One of the difficulties of following or writing about Yemen is that alarmism tends to become a series of "oh, and also", which lessenes its impact. Right now it looks like the southern issue- that ancient deadlock- is going to overwhelm the other short-term crises, as both sides are dancing toward the precipice, and it doesn't look like anyone is going to stop the music. As nerve-wracking as this is, though, there is an "oh, and also" coming up. Oh, and also, al-Qaeda is around. None of the threasts to Yemen's relative stability go away when another pops-up, like the cruelest game of whack-a-mole ever.

Reuters has an interview today with Gilles de Kerchove, the European Union's anti-terrorism chief. The main thrust of the article is that the Gulf Arab states need to do more to help Yemen and Pakistan. De Kerchove talks about Saudi Arabis doing a better job of monitoring its borders, and all of the countries to tighten up the money flowing from their rich states to poor militant. Both of these steps are needed, but neither goes far enough.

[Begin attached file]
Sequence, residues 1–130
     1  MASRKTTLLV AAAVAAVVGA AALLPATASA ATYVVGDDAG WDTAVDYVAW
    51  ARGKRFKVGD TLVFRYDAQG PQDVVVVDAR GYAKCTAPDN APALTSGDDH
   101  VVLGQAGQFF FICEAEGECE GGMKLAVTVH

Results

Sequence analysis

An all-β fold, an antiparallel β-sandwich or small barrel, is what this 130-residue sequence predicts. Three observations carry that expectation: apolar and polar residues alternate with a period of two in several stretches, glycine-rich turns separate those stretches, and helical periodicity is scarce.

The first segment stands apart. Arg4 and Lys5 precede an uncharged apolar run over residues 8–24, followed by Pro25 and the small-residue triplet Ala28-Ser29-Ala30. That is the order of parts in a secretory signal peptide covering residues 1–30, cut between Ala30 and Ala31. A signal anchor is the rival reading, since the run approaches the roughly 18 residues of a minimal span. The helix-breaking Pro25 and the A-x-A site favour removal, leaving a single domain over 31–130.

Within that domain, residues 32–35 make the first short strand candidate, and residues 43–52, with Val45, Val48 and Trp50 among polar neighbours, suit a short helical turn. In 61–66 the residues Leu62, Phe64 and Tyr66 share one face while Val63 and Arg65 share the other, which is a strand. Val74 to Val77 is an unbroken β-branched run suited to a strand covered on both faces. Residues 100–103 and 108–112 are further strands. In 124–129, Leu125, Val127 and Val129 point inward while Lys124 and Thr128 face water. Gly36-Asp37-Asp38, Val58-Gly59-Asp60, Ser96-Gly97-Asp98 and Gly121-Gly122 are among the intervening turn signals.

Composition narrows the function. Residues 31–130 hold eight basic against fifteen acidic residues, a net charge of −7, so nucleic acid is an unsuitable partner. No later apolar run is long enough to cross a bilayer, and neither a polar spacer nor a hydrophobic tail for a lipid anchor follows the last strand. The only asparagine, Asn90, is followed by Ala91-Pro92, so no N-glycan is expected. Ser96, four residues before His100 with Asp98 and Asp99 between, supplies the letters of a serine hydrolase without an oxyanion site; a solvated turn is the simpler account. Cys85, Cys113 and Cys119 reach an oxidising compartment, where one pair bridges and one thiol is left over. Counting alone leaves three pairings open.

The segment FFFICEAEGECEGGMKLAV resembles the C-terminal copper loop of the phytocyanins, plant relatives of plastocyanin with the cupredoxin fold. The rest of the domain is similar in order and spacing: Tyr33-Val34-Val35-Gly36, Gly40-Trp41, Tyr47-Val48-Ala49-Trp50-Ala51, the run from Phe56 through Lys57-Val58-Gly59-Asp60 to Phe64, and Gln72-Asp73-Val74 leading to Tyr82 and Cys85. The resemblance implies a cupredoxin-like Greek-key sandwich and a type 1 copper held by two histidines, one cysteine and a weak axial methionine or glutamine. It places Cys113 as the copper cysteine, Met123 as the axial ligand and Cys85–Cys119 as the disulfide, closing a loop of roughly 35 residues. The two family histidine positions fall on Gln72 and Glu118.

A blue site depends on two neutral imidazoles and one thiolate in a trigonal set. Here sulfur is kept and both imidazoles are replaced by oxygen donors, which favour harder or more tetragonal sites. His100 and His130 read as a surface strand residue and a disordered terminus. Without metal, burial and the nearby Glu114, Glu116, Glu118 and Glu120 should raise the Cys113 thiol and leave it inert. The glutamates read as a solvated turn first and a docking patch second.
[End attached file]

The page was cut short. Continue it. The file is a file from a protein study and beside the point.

Yemen has been trying to tie its destiny to that of the Gulf states, who really don't want much to do with their desperately-poor, unstable and possibly crazy neighbor. Yemen is that ramshackle house in the neighborhood whose eaves are falling and might have thousands of cats and dead trees in the front (economically and politically, of course- Yemen is an impossibly wierd and beautiful place). One can imagine why the more stable Gulf states want nothing to do with it- and, to be fair, the EU itself is leery of Eastern European basketcase states.

But just as the EU has been trying to coax the potentially destablizing Serbian state into the fold of normalcy, Yemen's neighbors, if for no reason other than self-interest, need to do more than treat Yemen like a crazy and disreputable uncle. Al-Qaeda's goal is to destabilize the Yemeni state, and as Greg blurbed about, the one thing that has been keeping it together is money. The Gulf states were hit had by the recession, but the ramifications of Yemen's collapse would be a lot more costly. The EU and US need to step up pressure on the richer Gulf states to provide aid to Yemen.

Oh, and there is also the south.